A musical clash of metal, thuds of leaping footsteps and the screech of buzzer tones echo from the fencing room, a small enclave tucked away in the basement of Fetzer Hall.
Amidst the ruckus, coach Ron Miller leads a small group lesson with six students. Eight others are rotating practice bouts in pairs, and four fencers are running speed and endurance drills, back and forth.
Miller’s voice, steady and measured, carries across the room.
“Please don’t stay back too long.”
“OK, I’m going to push you forward.”
“Not your arm.”
Almost half a century ago, UNC fencers heard the same voice.
Miller was UNC’s first head coach for varsity fencing, a pioneer who started Chapel Hill’s varsity program. Now, 47 years later, he’s still the only head coach UNC’s varsity fencing team has ever had.
Steady and measured.
The same thoughtful patience Miller expresses when coaching prevails during his everyday demeanor. He looks at people straight in the eyes. His face holds still as he weighs every next word in his head.
In the fencing room, Miller’s not afraid to coach with his hands. The slightest adjustment here, a firm push there. His hands are large, massive even, and chiseled wrinkles reveal years of experience. In his office he sits with his hands relaxed, though when appropriate, he gestures with purpose.
Every now and then he smiles as he coaches his students, and he smiles as he talks about the sport he loves.
For the longest time, fencers didn’t come to Carolina. But Miller took athletes and turned them into fencers, and then he took fencers and turned them into a team.
Until as late as 2007, Miller estimated that 95 percent of his team was walk-on students from the required P.E. classes he once taught, back in Carolina’s pre-LFIT days. Only one or two team members would be high school recruits. If a P.E. student displayed athletic prowess, Miller snatched him or her right up.
The more experience an athlete had in other sports, the easier it was to learn how to fence. Gymnasts, wrestlers and lacrosse players require similar needs of speed, intelligence and body control. Tennis and defensive basketball footwork are often transferable. Experience in any sport that teaches students to judge distances is invaluable.
Miller’s majority walk-on teams bonded over the desire to be a fencer, and not just any fencer, but a Carolina fencer.
Joe Pipkin, a UNC graduate from the class of 2008, was one of the few fencers with high school experience when he arrived in 2003. Throughout his time at Carolina, Pipkin saw the early waves of transformation into team now predominately made of high school recruits. Part of him misses the days when fencing was a largely walk-on sport.
“Instead of starting with fencers who may have had bad habits, you just started with people who were like, ‘We’re athletes. Give us an opportunity to represent Carolina,’” he said.
Miller could take an athlete’s enthusiasm and drive and, with his knowledge of the sport, transform him or her into a fencer. In three to four years, he could produce fencers successful at levels they absolutely shouldn’t have been, Pipkin said.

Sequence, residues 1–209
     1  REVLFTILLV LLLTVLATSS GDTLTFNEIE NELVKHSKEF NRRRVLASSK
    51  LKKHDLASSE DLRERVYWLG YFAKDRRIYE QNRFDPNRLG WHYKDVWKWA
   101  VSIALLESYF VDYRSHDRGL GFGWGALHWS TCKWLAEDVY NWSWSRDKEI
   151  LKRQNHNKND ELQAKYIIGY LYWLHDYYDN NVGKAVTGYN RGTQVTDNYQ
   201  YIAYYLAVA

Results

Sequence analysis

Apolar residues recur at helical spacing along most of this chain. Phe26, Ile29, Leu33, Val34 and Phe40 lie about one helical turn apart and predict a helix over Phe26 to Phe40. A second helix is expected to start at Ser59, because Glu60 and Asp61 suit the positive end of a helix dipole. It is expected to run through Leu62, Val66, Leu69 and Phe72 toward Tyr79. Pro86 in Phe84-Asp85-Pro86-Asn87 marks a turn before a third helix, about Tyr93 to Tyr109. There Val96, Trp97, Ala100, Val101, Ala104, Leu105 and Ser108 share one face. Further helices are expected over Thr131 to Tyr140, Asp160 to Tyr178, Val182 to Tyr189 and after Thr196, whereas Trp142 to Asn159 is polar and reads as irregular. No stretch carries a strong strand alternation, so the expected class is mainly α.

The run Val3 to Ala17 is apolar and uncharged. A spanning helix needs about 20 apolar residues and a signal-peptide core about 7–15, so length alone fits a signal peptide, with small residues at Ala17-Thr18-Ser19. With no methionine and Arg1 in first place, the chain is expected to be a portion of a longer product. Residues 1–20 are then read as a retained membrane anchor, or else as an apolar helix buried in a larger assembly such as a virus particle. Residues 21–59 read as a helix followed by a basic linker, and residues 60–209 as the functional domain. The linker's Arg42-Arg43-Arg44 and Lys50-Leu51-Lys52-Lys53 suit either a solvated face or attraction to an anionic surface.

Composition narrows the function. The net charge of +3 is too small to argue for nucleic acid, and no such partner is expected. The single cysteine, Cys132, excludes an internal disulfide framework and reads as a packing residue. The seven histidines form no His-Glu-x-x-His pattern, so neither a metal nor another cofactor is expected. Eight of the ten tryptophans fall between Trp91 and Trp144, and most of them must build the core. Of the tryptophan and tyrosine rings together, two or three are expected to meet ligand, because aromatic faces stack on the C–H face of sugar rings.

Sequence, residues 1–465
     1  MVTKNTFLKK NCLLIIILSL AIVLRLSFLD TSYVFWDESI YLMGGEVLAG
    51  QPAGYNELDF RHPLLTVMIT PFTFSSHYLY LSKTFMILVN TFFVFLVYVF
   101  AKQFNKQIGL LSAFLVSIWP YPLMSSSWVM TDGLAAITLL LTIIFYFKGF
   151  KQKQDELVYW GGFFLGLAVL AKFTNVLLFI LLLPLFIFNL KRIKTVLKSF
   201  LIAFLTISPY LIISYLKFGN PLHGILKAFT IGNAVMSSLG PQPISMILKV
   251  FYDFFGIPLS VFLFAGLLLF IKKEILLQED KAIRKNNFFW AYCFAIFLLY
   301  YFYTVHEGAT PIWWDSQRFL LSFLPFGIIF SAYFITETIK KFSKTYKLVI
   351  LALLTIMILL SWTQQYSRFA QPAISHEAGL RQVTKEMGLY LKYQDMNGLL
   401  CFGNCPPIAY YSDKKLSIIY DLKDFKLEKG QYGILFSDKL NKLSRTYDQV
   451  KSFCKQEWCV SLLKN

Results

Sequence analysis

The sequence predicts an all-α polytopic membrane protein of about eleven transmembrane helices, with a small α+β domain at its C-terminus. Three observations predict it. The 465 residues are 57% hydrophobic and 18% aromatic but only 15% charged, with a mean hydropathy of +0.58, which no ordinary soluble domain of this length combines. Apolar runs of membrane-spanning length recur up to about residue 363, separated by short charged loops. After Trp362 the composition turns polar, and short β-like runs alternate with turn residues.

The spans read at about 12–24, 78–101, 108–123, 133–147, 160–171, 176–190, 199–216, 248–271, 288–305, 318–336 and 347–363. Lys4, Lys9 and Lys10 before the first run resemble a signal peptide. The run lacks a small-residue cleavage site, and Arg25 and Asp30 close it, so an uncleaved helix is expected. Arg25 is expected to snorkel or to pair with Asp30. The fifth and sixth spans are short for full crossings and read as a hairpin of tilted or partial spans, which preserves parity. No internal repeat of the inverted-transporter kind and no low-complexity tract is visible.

About 80 to 85 percent of the team is recruited today. The team size has shrunk from more than 60 members in the ’90s to about 40 on this year’s squad; Miller now focuses on quality over quantity. Back in the walk-on days, he couldn’t count on every fencer to live up to his or her potential or stick with the sport.
Instead of teaching beginners from scratch, he’s now refining experienced competitors. The last time UNC held open tryouts for walk-on fencers was three years ago. An average of 140 high school students, experienced in national competitions, annually write to Miller to declare interest in the program. As of last month, almost 80 prospective fencers have already applied.
“Before, I had to have my eye on every kid for every P.E. class and every kid that came to cold tryouts,” Miller said. “Now, I have to have my eye on every athlete that’s out there that’s competing in national circuit events.”
Like most teams, UNC fencers travel to competitions in charter buses equipped with Wi-Fi, satellite and electrical outlets. Sometimes, the team travels through airports. But just eight years ago, Miller and his assistant coaches would drive the team across the entire country themselves, in vans.
Miller would always know the best routes through Baltimore and Washington, DC. “It’s cool, it’s a shortcut!” he would say, although admittedly New Jersey would always be a lost cause. Through long nights of driving, designated “turtling,” or sitting in the passenger seat, was a rite of passage for every fencer.
The van was shaped like a shell. Some highways’ merge lanes were their left lanes. Navigation would then require the passenger to roll down the window and stick out a head, like a turtle, to watch for traffic.
Miller called his passenger turtle, along with everyone else in the front row of seats, his entertainment system.
“Keeping the coach awake and alert was an important aspect of getting home safely,” he said.
But for his students, turtling was their way of learning anything and everything about Miller — his favorite food, his taste in music, his advice for dating.